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Report on Sangay (Ecuador) — 31 May-6 June 2023


Smithsonian Institution / US Geological Survey
Weekly Volcanic Activity Report, 31 May-6 June 2023
Managing Editor: Sally Sennert.

Please cite this report as:

Global Volcanism Program, 2023. Report on Sangay (Ecuador) (Sennert, S, ed.). Weekly Volcanic Activity Report, 31 May-6 June 2023. Smithsonian Institution and US Geological Survey.

Weekly Report (31 May-6 June 2023)



2.005°S, 78.341°W; summit elev. 5286 m

All times are local (unless otherwise noted)

IG reported that the eruption at Sangay continued at a high level during 30 May-6 June, though weather clouds often prevented visual observations. The seismic network recorded 504-528 explosions per day during 30 May-2 June and 158-384 per day during the rest of the week. Periods of occasional-to-frequent ash plumes were reported almost daily. Incandescence at the crater was visible during 31 May and 3-4 June; incandescent material traveled 1 km down the SE flank. Ashfall was reported on 1 June in Cebadas Parish, Chimborazo Province (33 km WNW). On 4 June an ash plume rose to 1.1 km above the crater and drifted W and SW. During 4-5 June incandescent material traveled 1 km down the SE flank. Several steam-and-ash plumes rose as high as 1.1 km above the summit and drifted W. Servicio Nacional de Gestión de Riesgos y Emergencias (SNGRE) maintained the Alert Level at Yellow (the second lowest level on a four-color scale).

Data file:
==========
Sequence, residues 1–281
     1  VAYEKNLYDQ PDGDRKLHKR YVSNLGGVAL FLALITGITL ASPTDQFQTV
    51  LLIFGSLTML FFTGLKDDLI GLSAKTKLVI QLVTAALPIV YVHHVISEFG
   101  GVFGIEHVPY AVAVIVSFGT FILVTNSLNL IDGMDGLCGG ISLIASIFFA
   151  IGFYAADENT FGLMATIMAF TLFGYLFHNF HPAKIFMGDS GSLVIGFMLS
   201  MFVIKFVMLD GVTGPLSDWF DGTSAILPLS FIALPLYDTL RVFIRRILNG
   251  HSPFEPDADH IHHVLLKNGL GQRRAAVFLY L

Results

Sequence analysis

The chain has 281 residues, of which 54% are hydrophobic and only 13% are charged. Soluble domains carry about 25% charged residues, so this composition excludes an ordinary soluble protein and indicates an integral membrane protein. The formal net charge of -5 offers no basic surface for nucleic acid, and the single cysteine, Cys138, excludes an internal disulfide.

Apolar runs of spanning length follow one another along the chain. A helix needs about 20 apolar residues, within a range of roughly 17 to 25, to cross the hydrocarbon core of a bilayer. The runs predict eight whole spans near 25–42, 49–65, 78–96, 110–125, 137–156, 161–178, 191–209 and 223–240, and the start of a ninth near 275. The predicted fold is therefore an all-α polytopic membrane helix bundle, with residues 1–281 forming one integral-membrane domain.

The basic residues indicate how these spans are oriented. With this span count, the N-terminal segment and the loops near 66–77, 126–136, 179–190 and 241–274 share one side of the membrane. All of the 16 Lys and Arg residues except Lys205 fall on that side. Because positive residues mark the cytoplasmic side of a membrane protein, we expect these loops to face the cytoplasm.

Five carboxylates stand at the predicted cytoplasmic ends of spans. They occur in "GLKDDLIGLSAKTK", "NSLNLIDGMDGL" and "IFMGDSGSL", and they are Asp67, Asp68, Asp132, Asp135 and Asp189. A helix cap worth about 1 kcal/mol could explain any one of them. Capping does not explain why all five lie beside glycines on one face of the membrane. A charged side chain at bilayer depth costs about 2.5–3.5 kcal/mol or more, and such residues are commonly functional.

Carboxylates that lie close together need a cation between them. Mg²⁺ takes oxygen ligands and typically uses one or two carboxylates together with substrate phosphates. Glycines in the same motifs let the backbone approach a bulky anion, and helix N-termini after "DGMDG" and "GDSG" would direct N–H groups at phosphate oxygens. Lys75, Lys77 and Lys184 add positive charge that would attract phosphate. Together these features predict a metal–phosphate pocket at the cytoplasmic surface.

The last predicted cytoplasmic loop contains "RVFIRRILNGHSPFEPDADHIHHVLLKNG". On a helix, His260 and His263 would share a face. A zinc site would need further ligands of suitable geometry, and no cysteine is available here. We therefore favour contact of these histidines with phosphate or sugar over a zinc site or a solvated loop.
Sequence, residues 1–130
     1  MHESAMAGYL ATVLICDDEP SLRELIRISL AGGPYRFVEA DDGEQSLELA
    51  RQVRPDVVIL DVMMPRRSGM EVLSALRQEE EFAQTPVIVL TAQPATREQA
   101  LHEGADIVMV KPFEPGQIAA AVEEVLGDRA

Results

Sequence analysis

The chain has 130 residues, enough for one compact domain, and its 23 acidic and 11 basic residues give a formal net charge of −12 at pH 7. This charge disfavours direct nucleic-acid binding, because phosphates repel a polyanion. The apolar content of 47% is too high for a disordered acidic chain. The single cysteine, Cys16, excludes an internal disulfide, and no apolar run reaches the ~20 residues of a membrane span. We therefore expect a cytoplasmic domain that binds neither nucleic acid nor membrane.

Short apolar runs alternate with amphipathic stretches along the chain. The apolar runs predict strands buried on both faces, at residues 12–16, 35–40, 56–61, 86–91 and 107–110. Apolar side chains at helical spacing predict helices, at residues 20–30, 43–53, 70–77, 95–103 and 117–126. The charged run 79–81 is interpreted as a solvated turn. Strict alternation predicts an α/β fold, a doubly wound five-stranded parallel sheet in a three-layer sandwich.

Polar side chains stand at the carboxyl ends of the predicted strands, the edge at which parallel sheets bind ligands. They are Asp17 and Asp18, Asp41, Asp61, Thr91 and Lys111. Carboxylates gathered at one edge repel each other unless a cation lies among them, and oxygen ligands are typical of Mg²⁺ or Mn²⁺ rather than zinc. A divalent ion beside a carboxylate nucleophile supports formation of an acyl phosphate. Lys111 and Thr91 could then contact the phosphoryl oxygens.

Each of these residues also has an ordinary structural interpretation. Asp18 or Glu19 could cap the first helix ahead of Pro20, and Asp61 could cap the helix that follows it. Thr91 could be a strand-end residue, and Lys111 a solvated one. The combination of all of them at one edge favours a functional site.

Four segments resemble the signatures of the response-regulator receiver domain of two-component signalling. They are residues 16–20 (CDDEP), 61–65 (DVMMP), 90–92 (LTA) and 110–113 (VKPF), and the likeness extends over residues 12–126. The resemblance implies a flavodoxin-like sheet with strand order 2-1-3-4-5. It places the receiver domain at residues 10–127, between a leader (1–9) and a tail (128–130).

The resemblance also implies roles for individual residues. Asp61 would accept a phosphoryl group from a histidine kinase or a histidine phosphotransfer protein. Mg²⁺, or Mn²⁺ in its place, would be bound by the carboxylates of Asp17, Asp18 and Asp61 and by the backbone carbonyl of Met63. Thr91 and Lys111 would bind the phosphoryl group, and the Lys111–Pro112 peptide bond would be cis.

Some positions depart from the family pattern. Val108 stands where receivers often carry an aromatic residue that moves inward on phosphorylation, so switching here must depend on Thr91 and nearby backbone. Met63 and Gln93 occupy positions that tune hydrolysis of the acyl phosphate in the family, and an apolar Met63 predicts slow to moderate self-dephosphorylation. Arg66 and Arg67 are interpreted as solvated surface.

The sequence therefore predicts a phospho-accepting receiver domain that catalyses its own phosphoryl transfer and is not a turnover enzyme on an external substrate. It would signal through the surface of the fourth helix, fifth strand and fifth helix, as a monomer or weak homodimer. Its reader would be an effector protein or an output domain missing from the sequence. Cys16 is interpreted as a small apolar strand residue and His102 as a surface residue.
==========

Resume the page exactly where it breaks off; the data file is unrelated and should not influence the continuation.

Geological Summary. The isolated Sangay volcano, located east of the Andean crest, is the southernmost of Ecuador's volcanoes and its most active. The steep-sided, glacier-covered, dominantly andesitic volcano grew within the open calderas of two previous edifices which were destroyed by collapse to the east, producing large debris avalanches that reached the Amazonian lowlands. The modern edifice dates back to at least 14,000 years ago. It towers above the tropical jungle on the east side; on the other sides flat plains of ash have been eroded by heavy rains into steep-walled canyons up to 600 m deep. The earliest report of an eruption was in 1628. Almost continuous eruptions were reported from 1728 until 1916, and again from 1934 to the present. The almost constant activity has caused frequent changes to the morphology of the summit crater complex.

Sources: Instituto Geofísico-Escuela Politécnica Nacional (IG-EPN), Servicio Nacional de Gestión de Riesgos y Emergencias (SNGRE), Washington Volcanic Ash Advisory Center (VAAC)